And an emi shield (one of these solderable cans) is actually part of the BOM cost. Quite a considerable amount of the BOM cost, I might add. These things aren't cheap!

But thank you for your concern! Those things often get looked over I guess. To me input protection is actually an interesting story, I find it interesting to which lengths the big manufacturers go to achieve that.
 

Offline oschonrock

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Re: DIY Cheap HV differential oscilloscope probe
« Reply #17 on: August 02, 2020, 09:57:29 am »
@oschonrock

The other mentioned probes use banana plugs as well. Of course I will also use the safe variety of those, the cat rated insulated ones.

And an emi shield (one of these solderable cans) is actually part of the BOM cost. Quite a considerable amount of the BOM cost, I might add. These things aren't cheap!

But thank you for your concern! Those things often get looked over I guess. To me input protection is actually an interesting story, I find it interesting to which lengths the big manufacturers go to achieve that.

 :-+ :-+ :-+
 

Online Hydron

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Re: DIY Cheap HV differential oscilloscope probe
« Reply #18 on: August 02, 2020, 01:22:03 pm »
To add to the comments about other amplifiers (not saying you should change the design, just that it may be of interest!), I seem to recall that the EEVBlog 70MHz diff probe uses both an AD8130 and an AD8129 - I assume with both always connected and the outputs muxed via the shutdown function.

This would allow for high bandwidth at both high gain (via the 8129) and low gain (via the 8130) - note that for gains over 10x you can use the 8129 for a higher GBW, but less than 10x the 8130 is the only option that is stable. (Note that I'm talking about the gain of the differential amplifier after the attenuator here, not the x ratio of the probe).
A schematic of said probe would be fantastic - a quick search didn't come up with one. That does confirm that David Hess' suggestion is probably a good one regarding these amplifiers. A look on how the probe is designed would be very neat, so if you recall where you have seen the schematic, I would be very happy.
No schematic, just an explanation and some (unfortunately low resolution) photos here:
https://www.eevblog.com/forum/testgear/eevblog-hvp70-differential-probe/msg1394351/#msg1394351
Seems my recall was correct however :)

A few additions:
The Micsig is reasonable value for money, however be aware that the design has some significant limitations - rather than spend the money on a AD8129/8130 pair as the HVP70 does, it uses a single standard (albeit fast) op-amp as a differential amplifier, which means that it relies on good resistor matching to keep CMRR reasonable when switching ranges. If you're lucky this will work OK, but one of the two I have wasn't so great, and I ended up opening and tweaking it by stacking a resistor ontop of another. The probe also has some _serious_ peaking issues at ~70Mhz, which shortening the leads to ~half mostly solved, at the cost of a reduction of -3dB bandwidth (which had been artificially inflated by the peaking).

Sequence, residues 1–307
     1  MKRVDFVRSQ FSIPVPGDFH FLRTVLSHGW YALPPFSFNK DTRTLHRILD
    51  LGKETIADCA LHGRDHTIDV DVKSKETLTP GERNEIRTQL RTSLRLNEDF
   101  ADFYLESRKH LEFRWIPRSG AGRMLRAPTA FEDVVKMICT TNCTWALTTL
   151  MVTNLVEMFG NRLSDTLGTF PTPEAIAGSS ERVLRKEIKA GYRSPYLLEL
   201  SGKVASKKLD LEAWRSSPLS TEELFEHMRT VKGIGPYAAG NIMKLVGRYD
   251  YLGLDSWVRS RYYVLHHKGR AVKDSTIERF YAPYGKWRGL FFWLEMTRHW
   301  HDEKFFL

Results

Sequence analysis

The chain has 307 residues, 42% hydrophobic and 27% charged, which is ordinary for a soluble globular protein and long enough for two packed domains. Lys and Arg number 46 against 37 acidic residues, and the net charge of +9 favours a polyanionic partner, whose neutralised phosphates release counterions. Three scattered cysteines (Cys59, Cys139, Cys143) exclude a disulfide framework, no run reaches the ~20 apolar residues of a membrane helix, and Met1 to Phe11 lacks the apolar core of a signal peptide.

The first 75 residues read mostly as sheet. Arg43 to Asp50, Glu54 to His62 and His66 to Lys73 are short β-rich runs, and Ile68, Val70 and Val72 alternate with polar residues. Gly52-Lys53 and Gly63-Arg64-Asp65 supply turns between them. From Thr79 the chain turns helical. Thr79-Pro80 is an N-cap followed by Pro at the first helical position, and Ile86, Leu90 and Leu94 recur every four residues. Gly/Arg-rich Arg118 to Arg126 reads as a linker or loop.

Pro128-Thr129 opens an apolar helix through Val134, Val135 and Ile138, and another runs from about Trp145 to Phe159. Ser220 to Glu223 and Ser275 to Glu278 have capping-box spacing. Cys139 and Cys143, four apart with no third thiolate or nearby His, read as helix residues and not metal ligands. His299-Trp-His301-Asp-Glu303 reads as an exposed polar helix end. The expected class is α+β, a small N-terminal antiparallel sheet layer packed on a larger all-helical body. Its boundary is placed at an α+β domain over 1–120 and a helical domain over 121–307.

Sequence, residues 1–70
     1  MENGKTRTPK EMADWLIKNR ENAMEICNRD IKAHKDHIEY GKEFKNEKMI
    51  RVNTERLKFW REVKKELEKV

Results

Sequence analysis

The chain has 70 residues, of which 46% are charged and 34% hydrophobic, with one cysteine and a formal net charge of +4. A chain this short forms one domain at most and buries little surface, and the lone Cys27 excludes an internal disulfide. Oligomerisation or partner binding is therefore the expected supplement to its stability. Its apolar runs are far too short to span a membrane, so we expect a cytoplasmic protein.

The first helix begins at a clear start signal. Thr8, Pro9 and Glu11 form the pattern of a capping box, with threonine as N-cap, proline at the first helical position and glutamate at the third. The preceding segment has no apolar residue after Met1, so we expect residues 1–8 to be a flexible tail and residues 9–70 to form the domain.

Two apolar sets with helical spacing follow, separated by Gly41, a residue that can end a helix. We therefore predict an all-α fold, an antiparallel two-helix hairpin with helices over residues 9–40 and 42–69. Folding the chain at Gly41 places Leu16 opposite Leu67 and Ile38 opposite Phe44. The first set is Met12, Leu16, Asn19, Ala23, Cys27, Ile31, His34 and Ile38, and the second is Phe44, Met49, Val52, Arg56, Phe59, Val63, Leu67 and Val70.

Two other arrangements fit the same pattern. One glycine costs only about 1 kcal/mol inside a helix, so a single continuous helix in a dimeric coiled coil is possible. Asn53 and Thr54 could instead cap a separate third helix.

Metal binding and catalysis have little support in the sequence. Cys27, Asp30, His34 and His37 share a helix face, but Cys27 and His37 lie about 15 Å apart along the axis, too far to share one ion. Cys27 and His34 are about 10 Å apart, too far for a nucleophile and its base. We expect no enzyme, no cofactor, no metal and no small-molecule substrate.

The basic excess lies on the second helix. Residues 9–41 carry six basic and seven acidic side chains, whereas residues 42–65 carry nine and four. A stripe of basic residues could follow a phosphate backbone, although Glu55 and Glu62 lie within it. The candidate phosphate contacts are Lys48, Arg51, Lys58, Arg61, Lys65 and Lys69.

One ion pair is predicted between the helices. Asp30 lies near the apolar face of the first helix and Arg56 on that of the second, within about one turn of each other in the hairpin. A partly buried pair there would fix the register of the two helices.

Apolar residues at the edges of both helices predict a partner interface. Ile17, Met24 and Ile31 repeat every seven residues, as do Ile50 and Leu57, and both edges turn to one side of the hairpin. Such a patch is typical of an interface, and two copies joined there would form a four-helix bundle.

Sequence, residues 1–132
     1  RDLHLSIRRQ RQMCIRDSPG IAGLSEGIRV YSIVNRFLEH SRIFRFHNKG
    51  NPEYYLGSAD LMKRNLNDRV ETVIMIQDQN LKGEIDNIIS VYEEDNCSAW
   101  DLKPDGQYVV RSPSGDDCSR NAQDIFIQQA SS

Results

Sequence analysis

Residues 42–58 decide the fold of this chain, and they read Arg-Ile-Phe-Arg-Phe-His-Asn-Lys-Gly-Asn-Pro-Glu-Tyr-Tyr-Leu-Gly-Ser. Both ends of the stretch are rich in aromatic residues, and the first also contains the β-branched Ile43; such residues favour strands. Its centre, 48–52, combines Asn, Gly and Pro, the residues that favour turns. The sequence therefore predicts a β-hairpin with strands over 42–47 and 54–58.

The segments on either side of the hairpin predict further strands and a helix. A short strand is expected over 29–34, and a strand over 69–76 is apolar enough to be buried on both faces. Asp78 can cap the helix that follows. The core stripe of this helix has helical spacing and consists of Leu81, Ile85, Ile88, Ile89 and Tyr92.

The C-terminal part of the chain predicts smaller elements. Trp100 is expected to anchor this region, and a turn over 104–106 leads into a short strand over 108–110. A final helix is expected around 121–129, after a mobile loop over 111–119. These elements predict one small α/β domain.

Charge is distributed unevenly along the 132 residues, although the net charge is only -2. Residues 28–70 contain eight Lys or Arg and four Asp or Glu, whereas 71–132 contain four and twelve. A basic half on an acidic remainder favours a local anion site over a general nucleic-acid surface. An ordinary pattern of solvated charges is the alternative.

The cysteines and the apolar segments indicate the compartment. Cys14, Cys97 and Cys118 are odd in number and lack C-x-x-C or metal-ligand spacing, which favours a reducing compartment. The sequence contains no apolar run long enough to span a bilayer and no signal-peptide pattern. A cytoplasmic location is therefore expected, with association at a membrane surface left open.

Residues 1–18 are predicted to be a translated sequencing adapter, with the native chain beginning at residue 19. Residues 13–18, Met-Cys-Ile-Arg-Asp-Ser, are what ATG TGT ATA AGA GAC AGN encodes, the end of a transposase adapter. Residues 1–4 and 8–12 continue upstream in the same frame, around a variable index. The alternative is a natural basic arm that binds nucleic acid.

As for a DIY design, I looked at it once but the problem David Hess talked about regarding common mode input range is a serious one - makes it a compromise between input voltage range and attenuation/noise. Even a AD8130 with +/- 12V supplies only gives you +/-1kV input CM range with a 100x attenuator on the input, and whats more would only give +/- 250V of differential range (this is a bit different than a normal op-amp, which by design wouldn't have a differential voltage spec on the inputs).
« Last Edit: August 02, 2020, 01:47:14 pm by Hydron »
 

Offline jukk

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Re: DIY Cheap HV differential oscilloscope probe
« Reply #19 on: August 02, 2020, 02:13:21 pm »
This is also an interesting variant. Nobody seems to have bought it and tried it yet (no feedback on ebay at least). https://mitstronic.com/
 

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Re: DIY Cheap HV differential oscilloscope probe
« Reply #20 on: August 02, 2020, 02:31:41 pm »
No schematic, just an explanation and some (unfortunately low resolution) photos here:
https://www.eevblog.com/forum/testgear/eevblog-hvp70-differential-probe/msg1394351/#msg1394351
Seems my recall was correct however :)
The 1080p width image being called "low resolution" is a perfect example of 1080p not always being enough. I attached the full resolution original I have.